Immigration raids often unknown to local police

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Zibolski

BELOIT - When immigration enforcement agents come to Rock County, even the local cops may be left in the dark.

Law enforcement agencies across the county say the U.S. Department of Homeland Security's Immigration and Customs Enforcement (ICE) agency only notifies departments of operations if the feds want assistance.

In a single Twitter post on June 17, President Donald Trump reignited the debate surrounding undocumented immigration in the country by saying the federal government had plans to begin arresting and deporting "millions" of undocumented people. But in the days that followed, federal immigration authorities somewhat walked back the president's threat, clarifying that ICE would begin the process by rounding up those who have been issued final orders of removal by immigration courts. On Friday, a report showed ICE was preparing the arrests of up to 2,000 families facing deportation orders in up to 10 major cities. Those arrests were scheduled to start over the weekend, but on Saturday Trump delayed the raids for two weeks to see if Congress could "work out a solution," according to the Associated Press.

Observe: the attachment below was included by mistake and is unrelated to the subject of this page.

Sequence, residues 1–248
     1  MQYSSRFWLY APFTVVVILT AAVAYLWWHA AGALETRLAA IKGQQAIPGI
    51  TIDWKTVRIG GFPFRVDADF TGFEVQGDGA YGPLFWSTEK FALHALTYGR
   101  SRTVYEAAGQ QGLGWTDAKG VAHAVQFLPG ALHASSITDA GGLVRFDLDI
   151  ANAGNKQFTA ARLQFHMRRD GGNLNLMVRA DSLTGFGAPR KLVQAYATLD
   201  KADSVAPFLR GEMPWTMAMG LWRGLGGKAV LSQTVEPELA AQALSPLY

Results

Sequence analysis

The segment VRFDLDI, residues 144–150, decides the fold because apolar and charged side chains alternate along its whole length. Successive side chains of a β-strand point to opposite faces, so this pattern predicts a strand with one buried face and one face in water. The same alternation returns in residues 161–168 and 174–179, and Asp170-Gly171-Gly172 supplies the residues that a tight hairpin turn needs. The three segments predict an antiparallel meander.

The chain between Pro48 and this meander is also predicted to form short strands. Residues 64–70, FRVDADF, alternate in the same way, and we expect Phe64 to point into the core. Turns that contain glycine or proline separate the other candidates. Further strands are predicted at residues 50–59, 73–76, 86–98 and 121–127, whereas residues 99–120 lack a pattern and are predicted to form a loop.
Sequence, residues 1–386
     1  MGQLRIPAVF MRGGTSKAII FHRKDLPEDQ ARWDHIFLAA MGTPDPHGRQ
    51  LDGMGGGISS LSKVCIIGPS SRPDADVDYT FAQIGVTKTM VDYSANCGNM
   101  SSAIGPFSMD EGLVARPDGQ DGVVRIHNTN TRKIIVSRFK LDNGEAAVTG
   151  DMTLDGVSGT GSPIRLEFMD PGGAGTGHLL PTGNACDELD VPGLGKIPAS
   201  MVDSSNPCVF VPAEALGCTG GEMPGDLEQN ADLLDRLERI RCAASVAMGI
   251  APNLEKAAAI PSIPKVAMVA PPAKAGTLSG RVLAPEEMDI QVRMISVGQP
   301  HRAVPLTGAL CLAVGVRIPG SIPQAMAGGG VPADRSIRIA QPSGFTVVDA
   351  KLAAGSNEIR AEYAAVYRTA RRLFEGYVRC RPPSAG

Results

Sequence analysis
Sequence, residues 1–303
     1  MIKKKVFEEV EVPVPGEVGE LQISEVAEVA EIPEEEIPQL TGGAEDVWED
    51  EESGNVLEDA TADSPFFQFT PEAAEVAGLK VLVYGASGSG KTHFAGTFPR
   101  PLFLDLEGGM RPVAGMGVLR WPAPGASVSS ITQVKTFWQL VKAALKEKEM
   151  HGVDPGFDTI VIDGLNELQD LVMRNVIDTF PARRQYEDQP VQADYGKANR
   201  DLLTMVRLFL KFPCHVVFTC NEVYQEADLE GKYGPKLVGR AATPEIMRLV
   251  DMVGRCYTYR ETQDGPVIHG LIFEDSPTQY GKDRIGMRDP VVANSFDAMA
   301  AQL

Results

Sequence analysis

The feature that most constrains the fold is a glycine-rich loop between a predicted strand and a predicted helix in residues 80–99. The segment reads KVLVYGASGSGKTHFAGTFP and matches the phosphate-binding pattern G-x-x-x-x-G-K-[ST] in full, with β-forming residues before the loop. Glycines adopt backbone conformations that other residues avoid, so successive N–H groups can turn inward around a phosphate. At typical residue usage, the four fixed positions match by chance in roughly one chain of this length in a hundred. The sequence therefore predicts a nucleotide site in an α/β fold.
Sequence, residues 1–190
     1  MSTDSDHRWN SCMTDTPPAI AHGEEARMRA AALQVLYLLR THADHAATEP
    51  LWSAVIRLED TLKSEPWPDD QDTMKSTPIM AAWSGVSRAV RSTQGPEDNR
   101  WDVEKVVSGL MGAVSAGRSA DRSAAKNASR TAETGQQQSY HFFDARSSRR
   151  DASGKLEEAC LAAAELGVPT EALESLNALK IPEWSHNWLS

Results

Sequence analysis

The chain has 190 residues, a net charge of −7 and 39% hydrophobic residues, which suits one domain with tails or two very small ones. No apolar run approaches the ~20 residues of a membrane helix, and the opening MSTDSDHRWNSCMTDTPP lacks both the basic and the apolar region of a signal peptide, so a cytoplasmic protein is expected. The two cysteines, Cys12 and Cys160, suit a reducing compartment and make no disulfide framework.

In the past, local law enforcement agencies including the Beloit Police Department and Janesville Police Department have assisted ICE in a limited capacity. In September of 2018, federal authorities used booking facilities and interview rooms at the Janesville Police Department. At that time of a statewide raid, 83 people were arrested, including five arrests in Rock County.

ICE does not identify those taken into custody, citing privacy and agency policy issues, according to a news release at the time of the September of 2018 statewide action.

On Feb. 20, Beloit Police assisted ICE with a search warrant that was executed in the 1700 block of Tremont Drive regarding an international criminal investigation. It was not an immigration-related investigation, according to Beloit Strategic Communications Director Sarah Millard.

Chief David Zibolski said the department cooperates with ICE only if federal authorities have a search warrant. Zibolski noted that local law enforcement does not have the authority to enforce immigration-related offenses.

"If there's a warrant, we will assist them," Zibolski said. "I have always said this (immigration) is a congressional issue."

Zibolski stressed that the issue needs to be handled by federal lawmakers, noting the strain the volatile issue places on communities.

Janesville Police Chief David Moore said ICE notifies the department when federal authorities "request our assistance for City of Janesville activities."

According to Rock County Sheriff's Office Chief Deputy Barb Tillman, the sheriff's office is notified when ICE requests assistance or use of county facilities.

Tillman said in the past ICE had requested to use sheriff's office space tied to an immigration issue, a request that was denied by former Sheriff Bob Spoden.

The sheriff's office is in a unique position.